Early Buzz on Date Night

Senior Editor
04.09.10 9 Comments

I love Tina Fey, even if she is a goody two shoes, ooh-look-at-me-I-don’t-do-drugs nerd.  And even though he’s burned us a couple times, I still give Steve Carell the benefit of the doubt.  That said, the first trailer for Date Night was about as funny as a hate crime (and I don’t mean the hilarious kind against clowns). Seriously, mother-in-law jokes?  What year is it?  Anyway, here’s what the early reviews have been saying.  Spoiler alert: they’re better than I expected.

Here’s proof that Tina Fey and Steve Carell could squeeze laughs out of a phone book. Josh Klausner’s script rivals the Yellow Pages for dry and utilitarian.And yet their teamwork turns it into comic bliss. – Peter Travers, Rolling Stone.

“Date Night” is a product substantially inferior to the material routinely finessed by Carell and Fey, on their respective hit shows, into comic gold. And yet “Date Night” gets by, almost despite itself, on the durability and wiles of its stars.  The people on-screen keep saving this one, none more so than James Franco and Mila Kunis. As lowlifes mixed up in the Tripplehorn saga, they give “Date Night” a shot in the arm, simply for the way Franco says the line, “Like I wanna spend the rest of my life selling stolen wheelchairs!” -Michael Phillips, Chicago Tribune.

Watching these two intensely likable comedians work together is a special pleasure.  The comedy turns coarse during a garishly overproduced car chase. (Ditto for the broadness of William Fichtner’s dissolute district attorney.) That’s a pity, but hardly a mystery. Under pressure from less expensive forms of entertainment, the studios fear that small-scale films—even distinctive little films like this one—won’t find an audience unless they’re bulked up with production values. (And a car chase in the trailer will surely sell tickets.) Not to worry, though. “Date Night” is too good to be wrecked by reckless driving. -Joe Morganstern, Wall Street Journal.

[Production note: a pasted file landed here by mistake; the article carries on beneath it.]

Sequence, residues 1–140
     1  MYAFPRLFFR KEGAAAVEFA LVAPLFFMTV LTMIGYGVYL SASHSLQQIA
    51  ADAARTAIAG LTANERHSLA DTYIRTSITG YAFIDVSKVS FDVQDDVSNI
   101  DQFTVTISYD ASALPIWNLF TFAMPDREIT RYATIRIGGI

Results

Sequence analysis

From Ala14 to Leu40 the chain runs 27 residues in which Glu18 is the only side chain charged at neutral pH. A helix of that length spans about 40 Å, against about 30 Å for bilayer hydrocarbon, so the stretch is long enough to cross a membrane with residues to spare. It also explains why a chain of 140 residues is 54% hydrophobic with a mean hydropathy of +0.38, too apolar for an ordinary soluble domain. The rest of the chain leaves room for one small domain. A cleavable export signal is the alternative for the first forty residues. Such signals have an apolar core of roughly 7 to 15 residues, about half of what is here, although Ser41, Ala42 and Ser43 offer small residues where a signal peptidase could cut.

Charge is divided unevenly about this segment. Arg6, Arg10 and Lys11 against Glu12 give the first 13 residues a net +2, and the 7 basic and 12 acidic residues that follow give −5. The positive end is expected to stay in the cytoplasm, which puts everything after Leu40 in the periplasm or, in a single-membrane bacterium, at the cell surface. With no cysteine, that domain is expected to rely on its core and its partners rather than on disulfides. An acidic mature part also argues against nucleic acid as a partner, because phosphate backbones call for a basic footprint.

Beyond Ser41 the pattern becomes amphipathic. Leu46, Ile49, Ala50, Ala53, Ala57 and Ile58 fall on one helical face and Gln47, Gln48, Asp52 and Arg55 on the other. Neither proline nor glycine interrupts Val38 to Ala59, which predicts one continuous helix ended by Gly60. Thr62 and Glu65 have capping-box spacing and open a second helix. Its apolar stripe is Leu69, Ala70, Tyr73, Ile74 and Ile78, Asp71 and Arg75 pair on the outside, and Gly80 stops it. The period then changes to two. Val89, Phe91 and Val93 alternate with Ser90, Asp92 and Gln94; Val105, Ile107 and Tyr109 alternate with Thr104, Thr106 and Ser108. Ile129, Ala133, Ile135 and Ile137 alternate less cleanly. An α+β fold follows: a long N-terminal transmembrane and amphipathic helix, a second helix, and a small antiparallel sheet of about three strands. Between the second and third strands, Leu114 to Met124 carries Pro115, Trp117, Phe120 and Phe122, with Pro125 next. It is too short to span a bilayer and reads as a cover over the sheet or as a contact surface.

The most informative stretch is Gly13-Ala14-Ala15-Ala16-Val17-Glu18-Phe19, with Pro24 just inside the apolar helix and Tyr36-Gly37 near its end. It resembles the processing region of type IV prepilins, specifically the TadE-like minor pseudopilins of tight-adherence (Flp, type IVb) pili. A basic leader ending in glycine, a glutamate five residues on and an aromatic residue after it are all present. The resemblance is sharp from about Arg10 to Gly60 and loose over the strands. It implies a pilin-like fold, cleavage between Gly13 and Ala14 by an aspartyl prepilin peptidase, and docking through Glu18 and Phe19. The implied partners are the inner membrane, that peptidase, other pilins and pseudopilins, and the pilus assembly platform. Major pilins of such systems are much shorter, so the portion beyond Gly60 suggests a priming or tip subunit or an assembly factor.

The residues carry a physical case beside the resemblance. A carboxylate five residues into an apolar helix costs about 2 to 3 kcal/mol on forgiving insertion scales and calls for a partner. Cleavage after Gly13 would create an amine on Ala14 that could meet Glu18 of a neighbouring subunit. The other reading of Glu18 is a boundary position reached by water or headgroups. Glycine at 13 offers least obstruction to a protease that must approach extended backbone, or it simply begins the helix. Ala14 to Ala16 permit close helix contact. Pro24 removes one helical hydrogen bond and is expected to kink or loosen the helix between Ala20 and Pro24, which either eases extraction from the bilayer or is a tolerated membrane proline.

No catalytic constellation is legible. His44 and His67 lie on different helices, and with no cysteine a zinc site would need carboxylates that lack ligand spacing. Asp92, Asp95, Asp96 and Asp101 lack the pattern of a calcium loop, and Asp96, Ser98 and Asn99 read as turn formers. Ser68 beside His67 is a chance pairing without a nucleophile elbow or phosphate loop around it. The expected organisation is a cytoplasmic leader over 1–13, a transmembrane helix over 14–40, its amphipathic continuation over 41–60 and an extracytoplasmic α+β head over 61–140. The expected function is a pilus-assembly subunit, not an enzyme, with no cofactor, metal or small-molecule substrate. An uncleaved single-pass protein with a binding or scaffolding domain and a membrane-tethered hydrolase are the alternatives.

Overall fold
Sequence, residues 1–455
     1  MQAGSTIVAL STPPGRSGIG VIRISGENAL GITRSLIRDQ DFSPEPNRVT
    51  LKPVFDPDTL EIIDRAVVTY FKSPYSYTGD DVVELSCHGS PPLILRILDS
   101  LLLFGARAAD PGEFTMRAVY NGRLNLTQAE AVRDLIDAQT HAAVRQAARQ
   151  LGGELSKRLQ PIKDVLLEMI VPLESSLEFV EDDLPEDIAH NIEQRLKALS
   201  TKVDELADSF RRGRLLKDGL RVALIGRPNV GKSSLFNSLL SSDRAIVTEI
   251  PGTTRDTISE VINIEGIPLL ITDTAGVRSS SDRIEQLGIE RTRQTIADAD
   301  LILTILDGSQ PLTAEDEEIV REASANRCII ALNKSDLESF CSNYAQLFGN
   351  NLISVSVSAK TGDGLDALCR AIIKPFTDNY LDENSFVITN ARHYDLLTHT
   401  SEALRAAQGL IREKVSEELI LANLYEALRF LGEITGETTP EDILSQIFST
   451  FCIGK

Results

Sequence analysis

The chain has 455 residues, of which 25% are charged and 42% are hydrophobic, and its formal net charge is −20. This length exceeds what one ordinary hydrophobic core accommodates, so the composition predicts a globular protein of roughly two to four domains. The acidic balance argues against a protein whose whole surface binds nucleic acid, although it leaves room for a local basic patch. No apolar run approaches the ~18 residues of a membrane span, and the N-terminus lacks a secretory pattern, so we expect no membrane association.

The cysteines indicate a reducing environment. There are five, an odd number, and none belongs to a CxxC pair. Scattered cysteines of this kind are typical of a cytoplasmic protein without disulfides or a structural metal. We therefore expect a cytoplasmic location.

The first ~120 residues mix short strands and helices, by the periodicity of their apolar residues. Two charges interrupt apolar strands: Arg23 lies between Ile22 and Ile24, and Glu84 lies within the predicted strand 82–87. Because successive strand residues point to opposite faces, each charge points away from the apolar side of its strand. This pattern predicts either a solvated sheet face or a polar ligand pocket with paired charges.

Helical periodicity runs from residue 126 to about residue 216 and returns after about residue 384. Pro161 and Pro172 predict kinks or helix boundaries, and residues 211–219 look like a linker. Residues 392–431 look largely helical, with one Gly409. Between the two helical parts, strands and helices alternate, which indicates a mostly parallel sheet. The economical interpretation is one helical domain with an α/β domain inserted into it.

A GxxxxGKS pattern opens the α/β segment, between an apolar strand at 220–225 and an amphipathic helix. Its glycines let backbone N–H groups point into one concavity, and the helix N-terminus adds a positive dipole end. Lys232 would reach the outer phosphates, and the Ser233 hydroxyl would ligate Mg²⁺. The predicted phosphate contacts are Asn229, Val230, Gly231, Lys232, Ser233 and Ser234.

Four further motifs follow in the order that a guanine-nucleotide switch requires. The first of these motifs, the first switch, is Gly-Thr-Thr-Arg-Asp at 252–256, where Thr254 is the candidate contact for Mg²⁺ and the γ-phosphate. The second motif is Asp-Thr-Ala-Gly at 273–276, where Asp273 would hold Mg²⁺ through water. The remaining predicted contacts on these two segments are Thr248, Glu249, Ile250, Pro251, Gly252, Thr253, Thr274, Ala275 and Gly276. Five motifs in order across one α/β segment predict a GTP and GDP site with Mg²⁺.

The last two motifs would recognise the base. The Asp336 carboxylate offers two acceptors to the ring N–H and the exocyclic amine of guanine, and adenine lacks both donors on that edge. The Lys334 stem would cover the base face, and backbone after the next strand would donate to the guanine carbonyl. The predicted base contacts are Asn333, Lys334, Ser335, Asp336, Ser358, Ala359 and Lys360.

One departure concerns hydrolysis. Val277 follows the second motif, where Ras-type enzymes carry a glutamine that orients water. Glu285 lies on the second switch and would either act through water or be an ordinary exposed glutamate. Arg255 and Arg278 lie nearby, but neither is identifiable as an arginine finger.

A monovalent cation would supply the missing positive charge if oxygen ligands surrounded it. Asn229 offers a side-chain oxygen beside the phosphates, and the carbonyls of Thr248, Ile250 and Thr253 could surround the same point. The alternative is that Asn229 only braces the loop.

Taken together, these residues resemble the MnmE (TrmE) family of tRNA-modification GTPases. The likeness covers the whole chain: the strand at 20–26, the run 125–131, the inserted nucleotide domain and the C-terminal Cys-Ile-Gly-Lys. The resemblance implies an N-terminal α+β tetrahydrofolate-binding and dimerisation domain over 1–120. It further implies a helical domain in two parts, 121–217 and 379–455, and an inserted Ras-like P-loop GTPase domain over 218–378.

“Date Night” is funny because, against all odds, it is involving. Each crazy step in the bizarre plot made a certain sense because it followed from what went before; it’s like the Scorsese masterpiece “After Hours.” The director is Shawn Levy, who committed the two “Night at the Museum” movies, and here shows that he is much more successful when he stays far away from CGI. -Roger Ebert, Chicago Sun-Times.

A professional pushover might say that the “Date Night” pairing of Steve Carell and Tina Fey is “a match made in comedy heaven,” like the second coming of Jack Lemmon and Shirley MacLaine. But this shrill caper is more like a blind date between fingernail and chalkboard.  This lemon was squeezed dry by script mechanic Josh Klausner (“Shrek the Third”) and plucked from the reject pile by ham-fisted director Shawn Levy (“Night at the Museum”). -Joe Williams, St. Louis Post-Dispatch.

Ho snap!  That’s gotta be disheartening for a screenwriter when your movie gets mostly good reviews, but even the best one is careful to mention “Despite that the script is a flaming turd hurled at the screen by a retarded clown-monkey…”

Anyway, I’m still on the fence until I hear what Sexman says.

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